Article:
Sanctions are a key tool for the pursuit of our foreign policy and national security objectives. They play a central role in supporting our efforts on priority issues, including tackling human rights abuses, which formed the substance of a great deal of what the Chair of the Foreign Affairs Committee touched on. They are central to countering terrorism, to the non-proliferation of chemical weapons and to upholding the rules-based international system.
This country has consistently played a leading role in the use of sanctions at the United Nations and the EU, to support our foreign policy objectives on Russia for its actions in Ukraine, and on Iran and the Democratic People’s Republic of Korea to slow or halt nuclear proliferation. In the last year alone, we have led the way in the adoption of sanctions against challenging individuals, from hate preachers to Syrian businessmen intent on funding the murderous Assad regime. We also led efforts to establish the first EU chemical weapons sanctions regime, and secured travel bans and asset freezes against individuals and leadership in the Russian intelligence service responsible for the use of chemical weapons on the streets of Salisbury last year. That is an issue about which I feel particularly strongly, since my constituency abuts that of Salisbury. I am very pleased that Messrs Chepiga and Mishkin have fallen foul of that particular sanctions operation. You will remember, Mr Davies, that they were the gentlemen who professed to show a particular interest in English ecclesiastical architecture but who were clearly part of the GRU. Fortunately, we have been able to apply sanctions to them. It is those sorts of individuals, and the entities they work for, that any future sanctions regime would seek to act against.
In total we implement 37 UN and EU sanctions regimes, and almost 2,000 individuals and entities are prevented from travelling to, or investing in, the United Kingdom as a result. The Government’s focus over the past two years has rightly been on preparing for Brexit. The Sanctions and Anti-Money Laundering Act received Royal Assent in May 2018, and since then we have laid 24 statutory instruments, mostly in order to transfer EU and UN sanctions regimes into domestic law from the point that the United Kingdom will no longer be bound by the EU.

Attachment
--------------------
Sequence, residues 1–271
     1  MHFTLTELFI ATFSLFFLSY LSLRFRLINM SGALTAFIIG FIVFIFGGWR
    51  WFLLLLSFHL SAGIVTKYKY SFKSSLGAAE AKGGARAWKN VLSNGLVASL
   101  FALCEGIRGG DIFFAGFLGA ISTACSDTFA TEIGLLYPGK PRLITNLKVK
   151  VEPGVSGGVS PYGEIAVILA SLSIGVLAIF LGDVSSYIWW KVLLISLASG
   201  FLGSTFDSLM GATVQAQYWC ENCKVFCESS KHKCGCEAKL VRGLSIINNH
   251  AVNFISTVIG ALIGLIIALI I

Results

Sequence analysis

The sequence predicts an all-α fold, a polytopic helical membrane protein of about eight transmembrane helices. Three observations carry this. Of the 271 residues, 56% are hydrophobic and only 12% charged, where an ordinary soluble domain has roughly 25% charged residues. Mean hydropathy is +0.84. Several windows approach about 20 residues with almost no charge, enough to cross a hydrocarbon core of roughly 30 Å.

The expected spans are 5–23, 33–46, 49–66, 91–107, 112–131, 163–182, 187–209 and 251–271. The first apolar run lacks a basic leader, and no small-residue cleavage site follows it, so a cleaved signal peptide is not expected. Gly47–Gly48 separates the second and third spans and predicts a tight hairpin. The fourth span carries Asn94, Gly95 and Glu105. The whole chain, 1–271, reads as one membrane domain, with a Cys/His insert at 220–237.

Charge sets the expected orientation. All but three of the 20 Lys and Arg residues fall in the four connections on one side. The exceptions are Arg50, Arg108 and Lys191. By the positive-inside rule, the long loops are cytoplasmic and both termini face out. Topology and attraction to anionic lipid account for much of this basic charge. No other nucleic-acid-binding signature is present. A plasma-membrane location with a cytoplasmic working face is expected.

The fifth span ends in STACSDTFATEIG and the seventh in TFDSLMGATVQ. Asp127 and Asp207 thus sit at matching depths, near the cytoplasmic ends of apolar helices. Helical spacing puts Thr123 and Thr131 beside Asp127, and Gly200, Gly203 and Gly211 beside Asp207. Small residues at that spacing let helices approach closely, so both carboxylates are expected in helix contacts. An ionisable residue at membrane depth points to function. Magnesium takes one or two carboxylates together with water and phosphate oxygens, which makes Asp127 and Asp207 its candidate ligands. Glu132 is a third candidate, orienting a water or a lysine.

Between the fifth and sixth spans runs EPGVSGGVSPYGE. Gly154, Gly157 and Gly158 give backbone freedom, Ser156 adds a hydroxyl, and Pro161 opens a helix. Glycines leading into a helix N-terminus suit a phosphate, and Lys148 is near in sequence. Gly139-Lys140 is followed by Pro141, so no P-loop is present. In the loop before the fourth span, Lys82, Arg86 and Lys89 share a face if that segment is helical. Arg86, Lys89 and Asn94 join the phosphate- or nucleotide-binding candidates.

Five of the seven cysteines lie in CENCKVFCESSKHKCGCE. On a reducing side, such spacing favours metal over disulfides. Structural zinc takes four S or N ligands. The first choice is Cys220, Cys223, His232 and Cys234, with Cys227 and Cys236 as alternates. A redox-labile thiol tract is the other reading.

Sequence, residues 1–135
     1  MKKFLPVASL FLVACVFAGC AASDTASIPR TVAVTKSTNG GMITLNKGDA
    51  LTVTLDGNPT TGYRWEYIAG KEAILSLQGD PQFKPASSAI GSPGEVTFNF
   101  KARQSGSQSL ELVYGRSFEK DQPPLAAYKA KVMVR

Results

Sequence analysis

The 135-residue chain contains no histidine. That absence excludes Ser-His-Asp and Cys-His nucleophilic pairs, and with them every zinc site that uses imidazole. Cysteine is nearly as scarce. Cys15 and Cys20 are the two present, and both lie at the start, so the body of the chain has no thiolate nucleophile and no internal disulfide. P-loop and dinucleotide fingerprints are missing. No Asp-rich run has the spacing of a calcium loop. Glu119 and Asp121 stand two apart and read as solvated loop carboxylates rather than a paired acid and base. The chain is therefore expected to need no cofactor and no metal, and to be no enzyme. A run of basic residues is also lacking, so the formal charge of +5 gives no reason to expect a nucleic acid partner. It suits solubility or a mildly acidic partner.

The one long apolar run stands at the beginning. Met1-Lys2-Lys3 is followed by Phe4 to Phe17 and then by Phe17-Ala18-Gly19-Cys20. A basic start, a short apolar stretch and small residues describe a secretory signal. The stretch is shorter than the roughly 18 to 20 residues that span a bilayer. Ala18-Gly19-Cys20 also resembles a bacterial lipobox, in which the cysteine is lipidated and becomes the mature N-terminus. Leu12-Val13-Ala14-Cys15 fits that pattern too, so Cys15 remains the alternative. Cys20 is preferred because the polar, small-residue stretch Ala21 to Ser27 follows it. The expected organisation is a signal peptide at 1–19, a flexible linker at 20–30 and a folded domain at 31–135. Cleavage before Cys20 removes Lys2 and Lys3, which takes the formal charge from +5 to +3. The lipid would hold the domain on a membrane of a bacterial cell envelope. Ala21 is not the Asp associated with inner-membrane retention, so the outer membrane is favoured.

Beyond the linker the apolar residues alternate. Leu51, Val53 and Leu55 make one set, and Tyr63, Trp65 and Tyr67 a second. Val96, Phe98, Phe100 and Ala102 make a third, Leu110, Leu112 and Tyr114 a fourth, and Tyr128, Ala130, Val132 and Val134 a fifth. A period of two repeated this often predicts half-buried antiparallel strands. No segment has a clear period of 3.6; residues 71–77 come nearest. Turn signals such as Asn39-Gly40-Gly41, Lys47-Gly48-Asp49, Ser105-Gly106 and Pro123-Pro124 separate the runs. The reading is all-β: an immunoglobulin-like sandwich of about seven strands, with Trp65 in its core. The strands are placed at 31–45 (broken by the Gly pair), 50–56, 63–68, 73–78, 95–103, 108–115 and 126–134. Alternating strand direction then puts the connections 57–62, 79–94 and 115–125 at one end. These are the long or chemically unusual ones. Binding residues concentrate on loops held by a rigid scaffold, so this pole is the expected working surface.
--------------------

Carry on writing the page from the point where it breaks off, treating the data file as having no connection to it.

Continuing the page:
We have reviewed about 1,000 individual EU sanctions designations to consider whether they satisfy United Kingdom legal thresholds. We have also set up the necessary processes to allow us to publish on gov.uk the names of those sanctioned under United Kingdom sanctions. The scope of that task was unprecedented, and as such we prioritised the work accordingly to ensure the continued application of existing sanctions after Brexit. I am sure that right hon. and hon. Members will understand that, first and foremost, our focus with this and every other Brexit-related piece of work across Government is on having to transpose into UK domestic arrangements 40 years’ worth of EU norms, values, rules and regulations. That has been the principal focus across Government, and I think that most people will understand how important that is.
After we leave the EU, however, we will have our own independent sanctions powers and will be able to consider exactly how we use sanctions as part of our broader foreign policy. Once we are outside the EU, we will have the opportunity to deploy sanctions more swiftly and decisively in support of our national interest. In the event of an international crisis, we will no longer have to wait for consensus among 28 members of the EU, but will be able to act in our national capacity. The sanctions Act and the supporting secondary legislation give us the freedom to decide national sanctions as we see fit, aligning with our key priorities, notwithstanding my remarks about acting together.
Sanctions are most effective when jointly enforced by many nations. That is why we fully intend to continue to drive co-ordination on sanctions with our key partners, EU members and other close allies such as the US or Canada, and through the G7. Indeed, in the
We will continue to use our permanent seat on the UN Security Council to ensure co-ordinated and effective action on UN sanctions; indeed, that was one of the issues that was discussed around the bazaars last week at the UN General Assembly, from which—by force of circumstance, sadly—Ministers were untimely ripp’d. Nevertheless, it is clearly an important part of the toolbox that multinational forums such as the United Nations are exercised about. They are right to be, and it is very often at those forums that such measures are most effectively exercised. We will continue to make sure that that is the case with the European Union and with others.